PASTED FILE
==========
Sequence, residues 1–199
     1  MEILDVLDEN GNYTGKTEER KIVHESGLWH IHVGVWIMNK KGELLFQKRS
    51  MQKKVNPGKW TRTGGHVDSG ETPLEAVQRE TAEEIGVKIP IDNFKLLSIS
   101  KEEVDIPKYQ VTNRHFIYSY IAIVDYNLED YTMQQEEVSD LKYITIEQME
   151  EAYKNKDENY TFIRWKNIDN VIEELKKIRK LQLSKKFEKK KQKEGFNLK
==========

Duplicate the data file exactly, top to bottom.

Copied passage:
Sequence, residues 1–199
     1  MEILDVLDEN GNYTGKTEER KIVHESGLWH IHVGVWIMNK KGELLFQKRS
    51  MQKKVNPGKW TRTGGHVDSG ETPLEAVQRE TAEEIGVKIP IDNFKLLSIS
   101  KEEVDIPKYQ VTNRHFIYSY IAIVDYNLED YTMQQEEVSD LKYITIEQME
   151  EAYKNKDENY TFIRWKNIDN VIEELKKIRK LQLSKKFEKK KQKEGFNLK